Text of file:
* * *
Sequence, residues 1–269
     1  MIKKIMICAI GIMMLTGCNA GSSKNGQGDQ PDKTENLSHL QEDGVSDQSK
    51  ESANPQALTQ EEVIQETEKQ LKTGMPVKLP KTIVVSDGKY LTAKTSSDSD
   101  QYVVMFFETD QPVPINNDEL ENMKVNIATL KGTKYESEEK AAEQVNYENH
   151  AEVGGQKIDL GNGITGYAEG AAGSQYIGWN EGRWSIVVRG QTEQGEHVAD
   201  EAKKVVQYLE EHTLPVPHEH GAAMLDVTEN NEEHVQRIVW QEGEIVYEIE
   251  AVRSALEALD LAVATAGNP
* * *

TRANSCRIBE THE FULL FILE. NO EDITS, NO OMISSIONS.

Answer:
Sequence, residues 1–269
     1  MIKKIMICAI GIMMLTGCNA GSSKNGQGDQ PDKTENLSHL QEDGVSDQSK
    51  ESANPQALTQ EEVIQETEKQ LKTGMPVKLP KTIVVSDGKY LTAKTSSDSD
   101  QYVVMFFETD QPVPINNDEL ENMKVNIATL KGTKYESEEK AAEQVNYENH
   151  AEVGGQKIDL GNGITGYAEG AAGSQYIGWN EGRWSIVVRG QTEQGEHVAD
   201  EAKKVVQYLE EHTLPVPHEH GAAMLDVTEN NEEHVQRIVW QEGEIVYEIE
   251  AVRSALEALD LAVATAGNP